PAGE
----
When Procter & Gamble Co. launched its Pampers Dry Max line last year, it billed the thinner diaper as the biggest category innovation in a quarter century. But the launch also unleashed a controversy as a small but vocal group of parents blamed the line for severe diaper rash.
Although Dry Max critics never numbered more than the low five figures on Facebook -- a tiny percentage compared to the 8 million babies age 2 or younger at any given time in the U.S. -- they generated outsize publicity that got national news coverage. For a time it seemed as if the uproar was hurting Pampers sales -- or at least not helping. Rival Kimberly-Clark Corp.'s blue jeans-style diapers for Huggies generated a bigger sales bump last spring and summer with a small cosmetic change vs. Pampers' vaunted reinvention of the diaper.
So a year later, what came of the stink over Dry Max? P&G contends it came out smelling like a rose.
Pampers' all-outlet market share in the U.S. reached its highest level in 10 years in the fiscal year ended June 30, up 2.1 points to 31.9%, according to the company, while shares for Huggies and private label both declined during the period, according to P&G. Those figures don't jibe with SymphonyIRI data showing Pampers trailing both value-priced sibling Luvs and Huggies for the four-, 12- and 52-week periods ended Aug. 7. But the SymphonyIRI data does not include Walmart, club or dollar stores.
Nor does it include e-commerce, where P&G has made a particularly hard push. Amazon is a top 10 Pampers account and diapers are one of the strongest packaged-goods categories. Pampers' average score in e-commerce reviews -- where it took a beating early on in the Dry Max rollout -- is now up to 4.5 on a 5 scale vs. 2.5 a year ago, the company says.
The Dry Max name disappeared recently from Pampers packages, part of a normal rotation in packaging and products as Pampers launched its "three-way-fit" improvement for Cruisers, spokesman Bryan McCleary said. The revamped diapers look a little thicker than the Dry Max version, but he said that owes to a new back sheet akin to those on the Swaddlers line for younger infants being added to Cruisers, not a change in the basic Dry Max design.
Even though the Consumer Product Safety Commission found no link between Dry Max and diaper rash last year, P&G regardless in June reached a $3 million settlement to end litigation surrounding the brand. It admitted no wrongdoing but provided funds mainly for the plaintiff's attorneys, while also agreeing to add more information about diaper rash to Pampers websites and fund medical education on the subject. The 59 parent litigants got $1,000 apiece, not enough to buy a year's worth of diapers. Their lawyers got $2.7 million. And P&G got some lessons from Dry Max.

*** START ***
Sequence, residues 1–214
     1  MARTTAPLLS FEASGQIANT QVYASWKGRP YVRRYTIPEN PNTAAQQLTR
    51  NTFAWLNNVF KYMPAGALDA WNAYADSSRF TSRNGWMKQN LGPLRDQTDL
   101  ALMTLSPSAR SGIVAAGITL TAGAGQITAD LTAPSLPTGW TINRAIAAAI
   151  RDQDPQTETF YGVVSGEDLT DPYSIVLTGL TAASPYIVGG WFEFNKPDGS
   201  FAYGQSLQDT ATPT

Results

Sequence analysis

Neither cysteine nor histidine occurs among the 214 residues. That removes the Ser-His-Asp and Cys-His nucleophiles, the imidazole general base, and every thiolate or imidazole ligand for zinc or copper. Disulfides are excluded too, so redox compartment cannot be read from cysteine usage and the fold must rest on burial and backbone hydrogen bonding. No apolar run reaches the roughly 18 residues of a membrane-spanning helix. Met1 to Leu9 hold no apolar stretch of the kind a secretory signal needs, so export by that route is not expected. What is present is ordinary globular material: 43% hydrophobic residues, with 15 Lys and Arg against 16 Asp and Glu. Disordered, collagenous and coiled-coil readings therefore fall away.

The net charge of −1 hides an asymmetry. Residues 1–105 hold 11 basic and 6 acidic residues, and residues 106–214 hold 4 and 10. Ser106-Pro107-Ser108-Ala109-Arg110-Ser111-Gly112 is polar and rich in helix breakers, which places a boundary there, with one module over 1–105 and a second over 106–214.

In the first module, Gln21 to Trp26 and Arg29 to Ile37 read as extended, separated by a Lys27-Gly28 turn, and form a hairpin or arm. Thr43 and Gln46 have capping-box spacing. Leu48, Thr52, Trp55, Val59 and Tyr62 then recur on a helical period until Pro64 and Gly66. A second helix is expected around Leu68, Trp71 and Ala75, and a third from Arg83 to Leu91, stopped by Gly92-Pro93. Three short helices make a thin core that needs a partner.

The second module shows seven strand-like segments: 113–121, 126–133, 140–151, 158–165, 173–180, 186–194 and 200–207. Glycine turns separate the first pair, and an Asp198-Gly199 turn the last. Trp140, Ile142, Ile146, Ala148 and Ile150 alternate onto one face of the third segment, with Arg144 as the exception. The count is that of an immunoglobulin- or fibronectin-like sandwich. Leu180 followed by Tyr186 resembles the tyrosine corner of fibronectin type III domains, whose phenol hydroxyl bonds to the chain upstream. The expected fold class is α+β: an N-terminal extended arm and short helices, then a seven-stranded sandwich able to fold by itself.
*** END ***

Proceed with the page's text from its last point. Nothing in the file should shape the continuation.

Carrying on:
For example, complaints about Pampers began to surface when P&G started rolling out significantly changed diapers in late 2009 without changing the packaging or otherwise alerting consumers. P&G made the move because it takes months to totally change production lines, and it didn't change packaging until the process is complete, even if that meant shipping new diapers in old packaging.
No longer: With the recent rollout of the "Three-Way Fit" improvement for Pampers Cruisers, P&G also put new diapers in old packages, but this time it included fliers to alert consumers to the changes.
It also honed its social-media approach. In fact, some of P&G's biggest changes came in social media, where Pampers actually came out on top in Altimeter's July 2010 ranking of consumer engagement for Facebook fan pages -- crisis or no.
One of the biggest surprises for P&G out of the Dry Max controversy, said Pampers brand manager Clarissa Niese in a June talk to Cincinnati ad agency Red 212, was that "people on Facebook actually believed we would do something to hurt babies." To be sure, public skepticism about corporate motives can be hard to fathom amid the purpose-driven-marketing drive at P&G, where folks inside the building get a daily dose of the company's "touch and improve more lives more often in more places" mantra.
So much of Pampers' "Miracles" campaign, an online, social media, TV and print campaign that started last year focused on Hispanic consumers and expanded this spring to the general market, focused on showing the world that the people behind the brand weren't so bad after all.
The TV and online ad as well as social-media campaign aim at putting a human face, tone and voice behind the brand. Included are a variety of "pay it forward" gifts to new parents, often identified from posts to the brand's Facebook wall, including care packages for parents of infants or nurse teams at neonatal intensive care units or "golden tickets" for a year of diapers and wipes in random sample packs of Swaddlers. When a mom opened one of those packs bought during pregnancy after the deal expired, Pampers made good on the year's supply anyway.
Posts on the brand's Facebook wall have included updates about the pregnancy and childbirth for the community manager and pictures of kids from others on the brand team. The brand assembled a Pampers Baby Board of mom bloggers to help spread word about the Pampers Little Miracle Missions, through which the brand also encourages others to do something nice for parents of newborns.
All that has helped turn around the negative buzz for Pampers. But the reality is that the category turns over quickly as parents move in and out of child rearing, so last year's product hit or yesterday's feel-good story won't necessarily have much impact in a year or two.